|The Red-Headed League|
"The Red-Headed League" is one of the 56 Sherlock Holmes short stories written by Sir Arthur Conan Doyle. It is the second of the twelve stories collected as The Adventures of Sherlock Holmes. It was first published in The Strand Magazine in August 1891.
In 1890, a pawnbroker named Jabez Wilson comes to Holmes and Watson and tells them about a very strange business with a group of red-headed men called "The Red-Headed League."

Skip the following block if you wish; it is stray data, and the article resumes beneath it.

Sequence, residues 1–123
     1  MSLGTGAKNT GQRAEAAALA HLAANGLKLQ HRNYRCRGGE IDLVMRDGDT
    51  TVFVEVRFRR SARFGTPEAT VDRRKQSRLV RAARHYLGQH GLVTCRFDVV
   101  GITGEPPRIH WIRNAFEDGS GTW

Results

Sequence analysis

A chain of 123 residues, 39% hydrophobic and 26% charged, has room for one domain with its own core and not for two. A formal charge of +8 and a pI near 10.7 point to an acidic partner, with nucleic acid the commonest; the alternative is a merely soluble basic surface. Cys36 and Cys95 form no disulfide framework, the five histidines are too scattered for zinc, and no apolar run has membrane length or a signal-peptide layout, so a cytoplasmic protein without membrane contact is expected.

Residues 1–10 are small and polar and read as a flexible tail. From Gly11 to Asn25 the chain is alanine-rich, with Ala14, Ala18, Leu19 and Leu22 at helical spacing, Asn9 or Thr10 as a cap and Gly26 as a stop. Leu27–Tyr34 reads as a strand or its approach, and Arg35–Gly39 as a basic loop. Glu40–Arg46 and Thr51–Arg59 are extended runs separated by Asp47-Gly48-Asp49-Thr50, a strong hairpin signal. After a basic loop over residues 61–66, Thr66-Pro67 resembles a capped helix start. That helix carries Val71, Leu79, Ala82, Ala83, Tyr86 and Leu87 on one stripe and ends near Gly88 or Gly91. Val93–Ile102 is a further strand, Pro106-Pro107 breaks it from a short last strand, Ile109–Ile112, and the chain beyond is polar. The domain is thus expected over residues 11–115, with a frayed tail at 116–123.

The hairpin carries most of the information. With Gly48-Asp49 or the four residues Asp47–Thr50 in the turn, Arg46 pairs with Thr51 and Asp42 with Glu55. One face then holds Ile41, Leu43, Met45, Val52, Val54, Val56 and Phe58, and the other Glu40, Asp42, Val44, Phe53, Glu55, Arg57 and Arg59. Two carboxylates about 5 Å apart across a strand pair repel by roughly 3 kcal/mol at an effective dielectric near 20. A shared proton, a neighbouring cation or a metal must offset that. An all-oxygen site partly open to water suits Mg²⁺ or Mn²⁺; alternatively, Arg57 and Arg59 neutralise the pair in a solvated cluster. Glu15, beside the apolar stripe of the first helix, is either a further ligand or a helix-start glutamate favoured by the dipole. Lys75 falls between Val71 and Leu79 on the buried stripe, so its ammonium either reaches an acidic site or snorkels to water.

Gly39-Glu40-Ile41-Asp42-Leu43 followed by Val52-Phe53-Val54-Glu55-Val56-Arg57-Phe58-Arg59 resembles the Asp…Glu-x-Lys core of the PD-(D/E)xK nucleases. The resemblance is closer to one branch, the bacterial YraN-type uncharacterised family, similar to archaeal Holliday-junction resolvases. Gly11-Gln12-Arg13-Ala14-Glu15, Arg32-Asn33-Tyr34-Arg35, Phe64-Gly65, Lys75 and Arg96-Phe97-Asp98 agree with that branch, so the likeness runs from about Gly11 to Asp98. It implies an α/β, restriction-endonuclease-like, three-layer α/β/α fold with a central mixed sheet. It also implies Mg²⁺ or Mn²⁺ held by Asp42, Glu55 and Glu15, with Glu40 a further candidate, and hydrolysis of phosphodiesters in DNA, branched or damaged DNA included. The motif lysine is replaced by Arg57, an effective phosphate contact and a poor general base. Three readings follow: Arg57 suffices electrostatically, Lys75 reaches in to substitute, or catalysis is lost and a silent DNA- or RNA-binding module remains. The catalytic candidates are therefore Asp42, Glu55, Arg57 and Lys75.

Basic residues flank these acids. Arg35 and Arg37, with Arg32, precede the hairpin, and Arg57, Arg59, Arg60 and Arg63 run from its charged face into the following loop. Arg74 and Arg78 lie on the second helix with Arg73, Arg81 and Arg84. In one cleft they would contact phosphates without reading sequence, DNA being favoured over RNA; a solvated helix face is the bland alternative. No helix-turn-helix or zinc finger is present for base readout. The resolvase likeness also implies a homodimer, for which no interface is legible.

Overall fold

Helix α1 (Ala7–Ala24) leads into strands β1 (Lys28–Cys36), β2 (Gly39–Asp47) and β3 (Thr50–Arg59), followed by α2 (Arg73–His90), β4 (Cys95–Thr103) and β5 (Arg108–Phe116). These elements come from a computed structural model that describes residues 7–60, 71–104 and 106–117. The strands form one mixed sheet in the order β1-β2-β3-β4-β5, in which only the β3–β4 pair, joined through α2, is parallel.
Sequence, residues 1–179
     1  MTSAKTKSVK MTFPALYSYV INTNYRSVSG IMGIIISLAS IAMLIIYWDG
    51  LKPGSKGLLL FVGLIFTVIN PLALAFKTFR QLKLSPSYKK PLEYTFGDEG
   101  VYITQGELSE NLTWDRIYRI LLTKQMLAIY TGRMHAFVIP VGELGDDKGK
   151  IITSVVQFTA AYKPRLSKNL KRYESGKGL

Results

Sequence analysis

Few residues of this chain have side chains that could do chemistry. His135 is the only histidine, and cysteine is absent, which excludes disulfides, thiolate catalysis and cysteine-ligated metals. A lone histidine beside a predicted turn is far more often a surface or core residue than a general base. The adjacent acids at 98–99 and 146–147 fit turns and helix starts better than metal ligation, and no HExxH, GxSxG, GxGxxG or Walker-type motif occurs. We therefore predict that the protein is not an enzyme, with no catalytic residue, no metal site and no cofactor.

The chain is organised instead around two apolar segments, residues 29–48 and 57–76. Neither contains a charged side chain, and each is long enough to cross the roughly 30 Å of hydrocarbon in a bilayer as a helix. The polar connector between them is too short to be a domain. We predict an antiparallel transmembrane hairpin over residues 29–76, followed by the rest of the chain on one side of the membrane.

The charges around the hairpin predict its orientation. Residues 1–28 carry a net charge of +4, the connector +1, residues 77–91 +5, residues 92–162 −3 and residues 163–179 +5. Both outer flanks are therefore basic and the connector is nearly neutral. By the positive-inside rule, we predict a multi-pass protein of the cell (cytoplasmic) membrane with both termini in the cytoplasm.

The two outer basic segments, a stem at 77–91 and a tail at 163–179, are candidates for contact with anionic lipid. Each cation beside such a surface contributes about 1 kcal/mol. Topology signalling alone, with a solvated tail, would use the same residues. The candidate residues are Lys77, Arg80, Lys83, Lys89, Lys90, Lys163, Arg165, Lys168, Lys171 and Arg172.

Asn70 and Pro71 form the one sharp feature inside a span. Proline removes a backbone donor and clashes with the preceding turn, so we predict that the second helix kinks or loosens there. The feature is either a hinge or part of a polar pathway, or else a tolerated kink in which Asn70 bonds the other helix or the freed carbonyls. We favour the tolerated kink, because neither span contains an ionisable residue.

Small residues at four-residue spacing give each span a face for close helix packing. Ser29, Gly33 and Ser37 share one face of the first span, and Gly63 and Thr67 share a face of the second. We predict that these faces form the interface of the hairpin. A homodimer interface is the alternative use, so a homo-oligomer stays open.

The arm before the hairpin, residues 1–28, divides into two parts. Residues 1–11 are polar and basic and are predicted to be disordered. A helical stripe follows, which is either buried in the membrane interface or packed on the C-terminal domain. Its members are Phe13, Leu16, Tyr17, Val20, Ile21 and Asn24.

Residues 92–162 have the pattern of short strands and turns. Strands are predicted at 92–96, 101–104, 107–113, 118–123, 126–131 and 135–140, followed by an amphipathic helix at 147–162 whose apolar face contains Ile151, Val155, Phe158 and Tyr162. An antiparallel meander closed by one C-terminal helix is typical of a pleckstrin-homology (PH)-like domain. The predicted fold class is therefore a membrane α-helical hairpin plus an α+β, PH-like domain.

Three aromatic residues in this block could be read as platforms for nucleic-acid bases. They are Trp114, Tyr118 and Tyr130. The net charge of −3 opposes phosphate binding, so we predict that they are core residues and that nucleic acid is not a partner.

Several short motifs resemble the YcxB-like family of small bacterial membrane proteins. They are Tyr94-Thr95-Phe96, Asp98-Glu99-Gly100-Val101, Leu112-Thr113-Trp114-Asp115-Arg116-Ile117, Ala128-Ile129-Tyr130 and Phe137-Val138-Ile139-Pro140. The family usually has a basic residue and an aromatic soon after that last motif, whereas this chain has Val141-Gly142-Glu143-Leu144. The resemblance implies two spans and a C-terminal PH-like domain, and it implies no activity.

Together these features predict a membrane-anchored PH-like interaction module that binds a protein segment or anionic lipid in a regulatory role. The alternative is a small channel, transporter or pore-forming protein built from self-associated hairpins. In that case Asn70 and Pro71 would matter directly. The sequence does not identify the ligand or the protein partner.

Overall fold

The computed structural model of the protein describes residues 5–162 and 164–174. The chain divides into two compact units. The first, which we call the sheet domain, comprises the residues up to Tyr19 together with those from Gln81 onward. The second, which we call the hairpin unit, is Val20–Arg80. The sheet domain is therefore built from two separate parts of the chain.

Set in 1890, a London pawn broker named Jabez Wilson comes to Sherlock Holmes and Doctor John Watson. He tells them that his young assistant Vincent Spaulding, some weeks ago had shown him and urged him to respond to a want-ad offering work to only red-headed male applicants. The next morning, Wilson had waited in a long line of fellow red-headed men, was interviewed and was the only applicant hired. He was well-paid for several weeks of doing obviously useless clerical busywork in a lonely office, but finally one morning a sign on the locked office door inexplicably announced: "THE RED-HEADED LEAGUE IS DISSOLVED." Wilson then went to the landlord, who said that he'd never heard of Duncan Ross, the person who formed the league. After Holmes client leaves (having given the detective a description of Spaulding), he decides to see Spaulding, whom Holmes notices has dirty trouser knees. Holmes then taps on the pavement in front of the pawnbroker's shop. With the case solved, he calls Inspector Jones and Mr. Merryweather. The four confront the thieves, John Clay and his helper Archie (they were Spaulding and Ross in disguise), who contrived the Red-Headed League rigmarole just to keep Wilson out of his shop while they did digging in the basement in order to break into the bank vault next door. Back at Baker Street, Holmes explains to Watson how he solved the case.